As many researchers have argued, EFs encompass a collection of cognitive processes that help guide goal-directed behavior; that is, cognitive control is not a unitary construct but comprises separable components (Norman and Shallice, 1986; Botvinick et al., 2001; Miller and Cohen, 2001). In addition to the conflict-resolution processes outlined above, other EFs include task-switching, updating, and information monitoring, each of which can operate over visual, spatial, or verbal domains (Smith and Jonides, 1999; Miyake et al., 2000; Friedman and Miyake, 2004) and thus may be recruited across a variety of tasks including selective attention, decision-making, working memory (WM), error monitoring, and language processing (Botvinick et al., 2001; Thompson-Schill et al., 2005; Badre and Wagner, 2007; inter alia). With regard to conflict-resolution functions in particular, converging data from neuropsychological patients and brain-imaging studies of healthy adults suggest that, across a range of WM, attention, and language tasks, posterior regions of left ventrolateral prefrontal cortex (VLPFC) commonly support the ability to resolve among competing sources of evidence, regardless of domain (Thompson-Schill et al., 2005).
In this paper, we discuss how a burgeoning literature demonstrates that EFs can be trained through ample practice – that such abilities are seemingly not fixed, but malleable – and that performance increases throughout the course of training generalize to novel tasks that were not part of the training protocol. Some examples of transfer include benefits on unpracticed tasks tapping fluid intelligence (Jaeggi et al., 2008), working-memory updating (Dahlin et al., 2008; Li et al., 2008), and task-switching (Karbach and Kray, 2009) – that is to say, transfer benefits have been observed across a range of EF.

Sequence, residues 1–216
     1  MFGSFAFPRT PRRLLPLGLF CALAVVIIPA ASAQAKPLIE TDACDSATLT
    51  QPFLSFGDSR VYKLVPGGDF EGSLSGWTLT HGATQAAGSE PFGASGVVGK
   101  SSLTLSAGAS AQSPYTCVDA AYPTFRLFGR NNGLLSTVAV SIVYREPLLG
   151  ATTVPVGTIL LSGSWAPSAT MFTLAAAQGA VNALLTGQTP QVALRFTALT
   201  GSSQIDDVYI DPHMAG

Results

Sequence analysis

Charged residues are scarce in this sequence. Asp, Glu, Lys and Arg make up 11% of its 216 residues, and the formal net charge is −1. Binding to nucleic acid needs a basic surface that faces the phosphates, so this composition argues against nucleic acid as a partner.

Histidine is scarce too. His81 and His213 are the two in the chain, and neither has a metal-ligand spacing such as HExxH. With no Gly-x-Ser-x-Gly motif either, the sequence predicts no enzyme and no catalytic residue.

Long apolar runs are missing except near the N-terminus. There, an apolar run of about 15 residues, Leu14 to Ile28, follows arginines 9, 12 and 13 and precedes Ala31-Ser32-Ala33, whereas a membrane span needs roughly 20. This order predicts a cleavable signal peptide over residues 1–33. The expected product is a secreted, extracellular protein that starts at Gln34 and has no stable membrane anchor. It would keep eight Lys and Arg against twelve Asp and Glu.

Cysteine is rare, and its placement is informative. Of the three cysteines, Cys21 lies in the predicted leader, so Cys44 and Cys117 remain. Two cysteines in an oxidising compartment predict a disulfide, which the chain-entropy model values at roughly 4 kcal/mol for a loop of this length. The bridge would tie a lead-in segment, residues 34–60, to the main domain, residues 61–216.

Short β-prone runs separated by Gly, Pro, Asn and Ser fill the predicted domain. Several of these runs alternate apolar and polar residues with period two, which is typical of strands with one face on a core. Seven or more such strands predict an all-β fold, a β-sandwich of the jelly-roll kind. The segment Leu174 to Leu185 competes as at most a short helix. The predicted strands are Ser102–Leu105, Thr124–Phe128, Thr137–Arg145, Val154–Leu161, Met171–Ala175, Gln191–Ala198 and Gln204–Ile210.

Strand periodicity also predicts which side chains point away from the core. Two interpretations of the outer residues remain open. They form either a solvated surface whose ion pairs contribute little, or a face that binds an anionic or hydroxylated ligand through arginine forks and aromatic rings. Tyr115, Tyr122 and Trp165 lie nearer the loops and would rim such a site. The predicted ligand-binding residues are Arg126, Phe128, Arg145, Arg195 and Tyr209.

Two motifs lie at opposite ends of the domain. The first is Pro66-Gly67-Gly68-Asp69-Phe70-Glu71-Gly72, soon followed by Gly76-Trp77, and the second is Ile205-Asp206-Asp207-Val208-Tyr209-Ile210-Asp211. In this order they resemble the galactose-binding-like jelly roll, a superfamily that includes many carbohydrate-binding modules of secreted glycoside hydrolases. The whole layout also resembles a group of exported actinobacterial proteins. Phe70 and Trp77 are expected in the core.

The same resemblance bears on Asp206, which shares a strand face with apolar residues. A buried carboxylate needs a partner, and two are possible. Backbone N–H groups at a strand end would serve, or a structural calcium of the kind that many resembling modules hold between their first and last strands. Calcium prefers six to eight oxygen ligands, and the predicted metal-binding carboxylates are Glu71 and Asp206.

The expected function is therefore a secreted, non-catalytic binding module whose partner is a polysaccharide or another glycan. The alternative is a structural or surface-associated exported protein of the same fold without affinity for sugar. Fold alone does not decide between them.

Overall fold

We are especially interested in the implications that these training-transfer findings have for language processing under conditions of conflict, given that domain-general conflict-resolution and cognitive-control functions have been associated with assorted linguistic abilities including the resolution of lexical (Bilenko et al., 2009; Copland et al., 2009; Khanna and Boland, 2010) and syntactic ambiguities (Novick et al., 2005), verbal fluency (Robinson et al., 1998; Kan and Thompson-Schill, 2004; Novick et al., 2009; Schnur et al., 2009), and perspective-taking during natural dialog (Brown-Schmidt, 2009; Nilsen and Graham, 2009; for reviews, see Novick et al., 2005; Novick et al., 2010). Thus, in the hypothesis section, which details the potential implications of EF training and transfer effects on language use, we consider a theory based on evidence that left VLPFC-supported conflict resolution is the kind of cognitive-control function of principal relevance to these particular linguistic tasks (see e.g., Novick et al., 2005). We couch our hypotheses within a process-specific account (see Dahlin et al., 2008; Shipstead et al., 2010, 2012), which in the training literature posits that post-intervention, performance increases on novel tasks largely depends on the extent of overlap between the training and transfer measures, both in terms of the shared cognitive processes and underlying neural systems needed to complete them. That is, if a certain component of EF (e.g., conflict resolution) is targeted and improved through training, then transfer measures relying on common processes should be influenced accordingly, irrespective of domain. In view of this, we will focus our discussion on a few language comprehension and production tasks that fit within the VLPFC-mediated process-specific function typically referred to as “conflict resolution.” However, in the discussion, we acknowledge other brain systems involved in a wider array of EFs, and consider briefly the implications for training and the effects on language.